When J.J. "Jocko" Clark graduated from the U.S. Naval Academy during World War I, he was primed to be a pioneer in one of the great transformations of the U.S. Navy-the change from a surface-only force to one in which aviation played a major role. Under the leadership of the key aviation admirals, William Moffett and Ernest J. King, Clark helped develop carrier doctrine and airplanes until the outbreak of World War II. As captain of the new aircraft carrier Yorktown, Clark provided aggressive leadership in the capture of the Gilbert and Marshall Islands. As a carrier task group commander he was instrumental in the brilliant victory at the Battle of the Philippine Sea and the Okinawa campaign. After the war he fought to save naval aviation from the attacks of other services and went on to serve as Commander of the Seventh Fleet in the Korean War, where his innovative "Cherokee Strikes" played a crucial role.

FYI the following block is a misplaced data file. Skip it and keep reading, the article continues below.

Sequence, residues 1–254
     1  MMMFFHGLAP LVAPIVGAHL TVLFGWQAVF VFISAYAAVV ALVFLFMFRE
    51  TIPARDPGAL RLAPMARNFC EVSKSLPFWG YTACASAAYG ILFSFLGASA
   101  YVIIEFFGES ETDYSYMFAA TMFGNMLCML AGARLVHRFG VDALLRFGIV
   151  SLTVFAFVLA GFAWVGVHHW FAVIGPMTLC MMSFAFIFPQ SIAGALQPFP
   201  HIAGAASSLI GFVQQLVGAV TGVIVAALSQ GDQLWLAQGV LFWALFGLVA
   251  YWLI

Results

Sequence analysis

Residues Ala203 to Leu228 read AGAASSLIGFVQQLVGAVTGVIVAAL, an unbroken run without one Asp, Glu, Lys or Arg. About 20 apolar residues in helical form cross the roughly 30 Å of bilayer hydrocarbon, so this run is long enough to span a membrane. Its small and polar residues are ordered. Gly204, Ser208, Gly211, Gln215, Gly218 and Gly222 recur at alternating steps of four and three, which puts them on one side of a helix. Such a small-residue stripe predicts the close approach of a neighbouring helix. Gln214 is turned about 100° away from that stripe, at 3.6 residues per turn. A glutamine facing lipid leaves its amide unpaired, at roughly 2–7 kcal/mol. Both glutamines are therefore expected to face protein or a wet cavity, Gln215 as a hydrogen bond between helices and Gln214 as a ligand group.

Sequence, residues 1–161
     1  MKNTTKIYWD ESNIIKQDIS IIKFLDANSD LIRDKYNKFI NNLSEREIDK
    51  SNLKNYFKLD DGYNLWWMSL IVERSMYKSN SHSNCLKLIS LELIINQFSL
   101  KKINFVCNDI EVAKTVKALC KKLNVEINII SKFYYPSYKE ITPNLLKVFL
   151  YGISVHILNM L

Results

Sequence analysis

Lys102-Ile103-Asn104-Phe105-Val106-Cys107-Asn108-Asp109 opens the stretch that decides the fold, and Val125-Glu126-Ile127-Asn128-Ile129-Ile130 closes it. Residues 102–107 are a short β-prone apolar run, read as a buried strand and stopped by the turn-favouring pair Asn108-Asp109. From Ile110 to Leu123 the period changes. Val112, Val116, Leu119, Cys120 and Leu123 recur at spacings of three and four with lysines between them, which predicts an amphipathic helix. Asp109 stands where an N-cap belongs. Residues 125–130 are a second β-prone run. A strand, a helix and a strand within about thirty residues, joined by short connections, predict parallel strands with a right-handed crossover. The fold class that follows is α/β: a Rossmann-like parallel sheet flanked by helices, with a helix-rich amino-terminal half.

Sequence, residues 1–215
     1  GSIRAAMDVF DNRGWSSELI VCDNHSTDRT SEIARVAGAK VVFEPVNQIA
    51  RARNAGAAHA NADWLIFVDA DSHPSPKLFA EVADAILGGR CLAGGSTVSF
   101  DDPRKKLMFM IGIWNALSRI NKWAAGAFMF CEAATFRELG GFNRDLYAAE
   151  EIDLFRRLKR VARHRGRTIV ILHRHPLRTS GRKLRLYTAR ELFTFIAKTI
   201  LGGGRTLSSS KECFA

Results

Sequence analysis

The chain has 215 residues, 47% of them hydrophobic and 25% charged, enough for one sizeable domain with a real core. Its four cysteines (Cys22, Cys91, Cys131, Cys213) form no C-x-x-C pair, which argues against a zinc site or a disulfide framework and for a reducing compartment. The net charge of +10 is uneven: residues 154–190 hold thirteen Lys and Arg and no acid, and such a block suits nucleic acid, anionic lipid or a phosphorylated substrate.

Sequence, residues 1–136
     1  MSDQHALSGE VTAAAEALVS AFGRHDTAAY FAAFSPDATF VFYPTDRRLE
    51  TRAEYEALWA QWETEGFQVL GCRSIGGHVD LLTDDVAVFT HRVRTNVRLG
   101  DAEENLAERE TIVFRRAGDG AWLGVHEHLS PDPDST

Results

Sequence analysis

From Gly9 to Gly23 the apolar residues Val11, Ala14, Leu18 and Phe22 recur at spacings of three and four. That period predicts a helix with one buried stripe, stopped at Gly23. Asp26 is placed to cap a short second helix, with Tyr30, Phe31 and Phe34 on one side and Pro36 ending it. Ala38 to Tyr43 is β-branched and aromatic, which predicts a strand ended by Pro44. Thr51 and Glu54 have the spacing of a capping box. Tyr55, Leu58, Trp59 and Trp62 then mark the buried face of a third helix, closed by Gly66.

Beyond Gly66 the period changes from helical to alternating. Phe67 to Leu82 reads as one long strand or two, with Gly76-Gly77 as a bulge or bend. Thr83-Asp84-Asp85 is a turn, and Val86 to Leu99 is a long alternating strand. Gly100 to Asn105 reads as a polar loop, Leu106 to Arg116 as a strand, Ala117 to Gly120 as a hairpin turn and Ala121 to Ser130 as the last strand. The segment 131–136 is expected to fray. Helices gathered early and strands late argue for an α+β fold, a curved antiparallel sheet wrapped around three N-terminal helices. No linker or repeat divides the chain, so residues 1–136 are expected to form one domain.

Worshiped by his crewmen and despised by others for his "call-'em-as-I-see-'em" method of leadership, the flamboyant Jocko Clark was respected by all. Raised in Indian Territory (later Oklahoma), Clark became the highest-ranking naval officer of Native American descent in U.S. history. With access to family papers and as coauthor of Admiral Clark's 1967 autobiography, Clark Reynolds is well situated to bring the last of the colorful, old-school American naval leaders to life. A sixty-minute CD of interviews conducted by the author with Admiral Clark, Arleigh Burke, and other associates is included.
Clark G. Reynolds, a well-known naval historian specializing in carrier warfare, was a longtime history professor at the Naval Academy and at the College of Charleston, where he became a Distinguished Professor Emeritus of History. He is the author of several books, including Famous American Admirals and Admiral John H. Towers .
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